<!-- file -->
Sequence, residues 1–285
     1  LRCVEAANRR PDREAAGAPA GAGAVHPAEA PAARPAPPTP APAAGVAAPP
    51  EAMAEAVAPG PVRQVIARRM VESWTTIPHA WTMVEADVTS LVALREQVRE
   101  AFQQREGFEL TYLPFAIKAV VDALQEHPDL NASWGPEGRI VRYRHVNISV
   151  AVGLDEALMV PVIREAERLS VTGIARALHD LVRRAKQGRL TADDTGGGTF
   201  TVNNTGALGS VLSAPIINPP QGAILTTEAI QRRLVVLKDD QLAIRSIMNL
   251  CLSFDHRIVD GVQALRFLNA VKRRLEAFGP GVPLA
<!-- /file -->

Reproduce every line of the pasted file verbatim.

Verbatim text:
Sequence, residues 1–285
     1  LRCVEAANRR PDREAAGAPA GAGAVHPAEA PAARPAPPTP APAAGVAAPP
    51  EAMAEAVAPG PVRQVIARRM VESWTTIPHA WTMVEADVTS LVALREQVRE
   101  AFQQREGFEL TYLPFAIKAV VDALQEHPDL NASWGPEGRI VRYRHVNISV
   151  AVGLDEALMV PVIREAERLS VTGIARALHD LVRRAKQGRL TADDTGGGTF
   201  TVNNTGALGS VLSAPIINPP QGAILTTEAI QRRLVVLKDD QLAIRSIMNL
   251  CLSFDHRIVD GVQALRFLNA VKRRLEAFGP GVPLA